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With a financial envelope of Euro 14 million (approx. Rs. 2.2 billion/ US$15million), more than 300, 000 people are expected to benefit from the support provided by the European Union to build houses and improve community infrastructure for internally displaced people and returnees.

The activities will be implemented from 2016-2018 in nine
selected divisions of the Killinochchi, Mullaitivu and Batticaloa districts by Habitat for Humanity. This initiative dovetails on the earlier housing programmes for which the European Union contributed with €50 million in the districts of Killinochchi, Mullaitivu, Mannar, Vavuniya and Batticaloa.

Speaking during the signing of the project, Ambassador of the Delegation of the European Union to Sri Lanka and the Maldives, David Daly said, “The project contributes to a sustainable solution for returnee families with the specific objective of improving the living conditions and social cohesion of displaced people, returnees and their host communities. This is not just an infrastructure project, but an initiative that will contribute to livelihood support through skills development and loan facilities to help people build towards a more hopeful future”.

The initiative aims to construct houses for almost 16 000 conflict-affected persons, in cooperation with World Vision Lanka. To minimise debt, vulnerable families will receive supplements for loan repayments. In addition, more than 60 000 people in 60 villages will be supported through financial, disaster preparedness and construction trainings.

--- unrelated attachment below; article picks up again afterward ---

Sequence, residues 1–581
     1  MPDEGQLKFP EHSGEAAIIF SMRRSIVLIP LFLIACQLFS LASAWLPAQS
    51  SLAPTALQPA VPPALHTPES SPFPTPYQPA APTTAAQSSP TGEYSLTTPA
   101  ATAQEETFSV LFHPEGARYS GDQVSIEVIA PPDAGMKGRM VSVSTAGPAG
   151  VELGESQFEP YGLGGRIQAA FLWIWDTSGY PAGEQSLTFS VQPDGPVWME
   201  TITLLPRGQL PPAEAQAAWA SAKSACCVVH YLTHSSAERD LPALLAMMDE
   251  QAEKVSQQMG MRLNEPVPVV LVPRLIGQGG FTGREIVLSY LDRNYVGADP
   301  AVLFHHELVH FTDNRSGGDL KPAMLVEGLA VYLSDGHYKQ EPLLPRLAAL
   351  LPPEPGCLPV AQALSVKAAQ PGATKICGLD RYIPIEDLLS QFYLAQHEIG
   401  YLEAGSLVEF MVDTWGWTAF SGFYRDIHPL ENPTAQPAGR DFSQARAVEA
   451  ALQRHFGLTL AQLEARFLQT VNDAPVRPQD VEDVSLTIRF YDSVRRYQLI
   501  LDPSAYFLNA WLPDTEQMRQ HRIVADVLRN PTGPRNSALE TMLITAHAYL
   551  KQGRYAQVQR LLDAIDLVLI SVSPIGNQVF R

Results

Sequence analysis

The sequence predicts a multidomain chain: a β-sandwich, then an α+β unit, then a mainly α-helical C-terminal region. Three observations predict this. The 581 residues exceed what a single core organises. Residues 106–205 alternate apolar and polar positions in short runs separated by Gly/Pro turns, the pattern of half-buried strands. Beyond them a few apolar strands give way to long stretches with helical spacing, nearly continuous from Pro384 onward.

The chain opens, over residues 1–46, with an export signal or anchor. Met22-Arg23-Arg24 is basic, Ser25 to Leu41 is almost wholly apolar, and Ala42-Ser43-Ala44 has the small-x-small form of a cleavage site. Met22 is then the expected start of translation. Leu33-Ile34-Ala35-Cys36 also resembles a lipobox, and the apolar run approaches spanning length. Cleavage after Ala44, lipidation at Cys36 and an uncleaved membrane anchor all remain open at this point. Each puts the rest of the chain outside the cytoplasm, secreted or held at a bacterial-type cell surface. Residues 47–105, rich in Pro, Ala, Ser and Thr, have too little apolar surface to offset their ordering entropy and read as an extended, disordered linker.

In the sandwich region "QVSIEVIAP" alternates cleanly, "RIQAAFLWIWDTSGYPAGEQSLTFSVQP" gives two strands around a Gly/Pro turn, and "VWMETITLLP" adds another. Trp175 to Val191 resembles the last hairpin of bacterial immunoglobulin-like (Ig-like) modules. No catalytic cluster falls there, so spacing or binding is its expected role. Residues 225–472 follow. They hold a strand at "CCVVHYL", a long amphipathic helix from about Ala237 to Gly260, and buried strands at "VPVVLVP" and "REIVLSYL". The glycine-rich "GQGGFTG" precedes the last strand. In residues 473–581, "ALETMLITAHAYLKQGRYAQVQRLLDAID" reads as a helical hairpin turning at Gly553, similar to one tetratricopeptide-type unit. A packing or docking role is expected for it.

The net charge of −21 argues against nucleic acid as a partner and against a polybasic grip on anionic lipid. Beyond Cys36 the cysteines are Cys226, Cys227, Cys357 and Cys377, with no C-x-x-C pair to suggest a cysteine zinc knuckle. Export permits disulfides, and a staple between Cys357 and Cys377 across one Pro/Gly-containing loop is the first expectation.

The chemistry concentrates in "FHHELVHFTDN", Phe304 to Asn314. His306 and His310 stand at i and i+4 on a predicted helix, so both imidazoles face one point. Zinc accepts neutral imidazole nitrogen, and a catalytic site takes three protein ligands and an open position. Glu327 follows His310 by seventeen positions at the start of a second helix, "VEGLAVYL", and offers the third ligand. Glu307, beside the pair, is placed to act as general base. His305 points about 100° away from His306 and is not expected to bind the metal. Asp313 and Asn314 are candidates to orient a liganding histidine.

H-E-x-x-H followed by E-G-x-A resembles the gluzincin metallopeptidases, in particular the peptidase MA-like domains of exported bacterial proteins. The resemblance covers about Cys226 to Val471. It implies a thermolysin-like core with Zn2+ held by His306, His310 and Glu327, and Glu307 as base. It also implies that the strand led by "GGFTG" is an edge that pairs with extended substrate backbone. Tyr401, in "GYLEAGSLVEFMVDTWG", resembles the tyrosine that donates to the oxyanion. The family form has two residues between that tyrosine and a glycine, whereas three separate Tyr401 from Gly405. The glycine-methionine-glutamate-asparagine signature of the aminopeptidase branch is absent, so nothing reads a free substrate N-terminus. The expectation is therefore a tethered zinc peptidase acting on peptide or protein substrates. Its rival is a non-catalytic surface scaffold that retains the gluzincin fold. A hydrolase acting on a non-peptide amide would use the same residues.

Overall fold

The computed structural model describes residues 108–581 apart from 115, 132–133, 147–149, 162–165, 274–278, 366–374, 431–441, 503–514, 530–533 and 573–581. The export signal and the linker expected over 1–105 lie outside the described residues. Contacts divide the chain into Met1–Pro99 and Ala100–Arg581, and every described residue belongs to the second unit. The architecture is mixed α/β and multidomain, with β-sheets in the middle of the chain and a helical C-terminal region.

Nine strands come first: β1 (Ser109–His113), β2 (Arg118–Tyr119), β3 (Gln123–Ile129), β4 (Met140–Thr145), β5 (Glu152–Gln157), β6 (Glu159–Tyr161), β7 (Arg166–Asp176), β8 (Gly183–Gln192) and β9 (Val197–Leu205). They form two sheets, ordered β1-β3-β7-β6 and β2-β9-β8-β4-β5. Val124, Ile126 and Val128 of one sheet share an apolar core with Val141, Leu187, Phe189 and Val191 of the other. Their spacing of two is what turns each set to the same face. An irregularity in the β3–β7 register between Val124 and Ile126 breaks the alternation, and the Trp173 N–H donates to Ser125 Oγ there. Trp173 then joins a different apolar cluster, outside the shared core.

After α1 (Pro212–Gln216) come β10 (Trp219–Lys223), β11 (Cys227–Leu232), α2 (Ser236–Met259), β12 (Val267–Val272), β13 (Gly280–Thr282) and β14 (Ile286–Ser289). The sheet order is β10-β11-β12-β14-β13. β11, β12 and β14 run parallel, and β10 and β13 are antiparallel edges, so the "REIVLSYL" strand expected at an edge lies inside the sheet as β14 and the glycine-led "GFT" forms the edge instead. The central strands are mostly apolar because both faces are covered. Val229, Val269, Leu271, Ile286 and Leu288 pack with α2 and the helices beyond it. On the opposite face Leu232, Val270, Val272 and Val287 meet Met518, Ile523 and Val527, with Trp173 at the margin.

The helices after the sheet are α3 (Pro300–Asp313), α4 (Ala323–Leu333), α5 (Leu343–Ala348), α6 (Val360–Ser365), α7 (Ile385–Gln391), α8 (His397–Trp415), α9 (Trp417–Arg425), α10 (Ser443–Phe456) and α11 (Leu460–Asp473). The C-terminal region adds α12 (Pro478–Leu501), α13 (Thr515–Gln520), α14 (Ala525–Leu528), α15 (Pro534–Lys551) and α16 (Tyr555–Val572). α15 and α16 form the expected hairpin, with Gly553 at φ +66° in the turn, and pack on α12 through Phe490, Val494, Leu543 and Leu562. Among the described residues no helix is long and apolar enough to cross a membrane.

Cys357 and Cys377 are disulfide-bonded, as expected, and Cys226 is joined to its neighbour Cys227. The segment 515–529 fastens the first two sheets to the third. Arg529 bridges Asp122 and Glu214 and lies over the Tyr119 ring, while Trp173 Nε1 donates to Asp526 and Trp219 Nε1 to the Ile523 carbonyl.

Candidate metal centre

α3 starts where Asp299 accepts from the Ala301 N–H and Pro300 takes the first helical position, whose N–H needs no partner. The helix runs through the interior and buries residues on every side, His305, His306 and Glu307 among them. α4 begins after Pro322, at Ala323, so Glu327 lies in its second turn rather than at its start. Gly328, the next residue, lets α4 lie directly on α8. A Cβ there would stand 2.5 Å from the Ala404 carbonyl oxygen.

To provide more holistic development support and increase livelihood opportunities, Habitat for Humanity will provide vocational and skills development training to households, persons active in the trade sector and youth in construction related services. This project will also follow a “homeowner driven process” of construction, whereby the selected families will contribute through their own labour towards the reconstruction efforts. The project also provides support to the domestic economy by sourcing all building material locally. The project also aims to safeguard women’s rights by ensuring their participation in community consultation meetings and decision making process.

“At Habitat for Humanity, we believe that housing is not a product but a process. It is not enough to build houses, we need to turn them into homes and empower homeowners to transition from poverty and dependency to independence and self-sufficiency,” says Greg Foster, Area Vice President for Habitat for Humanity Europe, Middle East and Africa. “This is exactly what we hope to do for the war affected communities in Sri Lanka. We want to show them a way out of poverty and unlock their entrepreneurship.”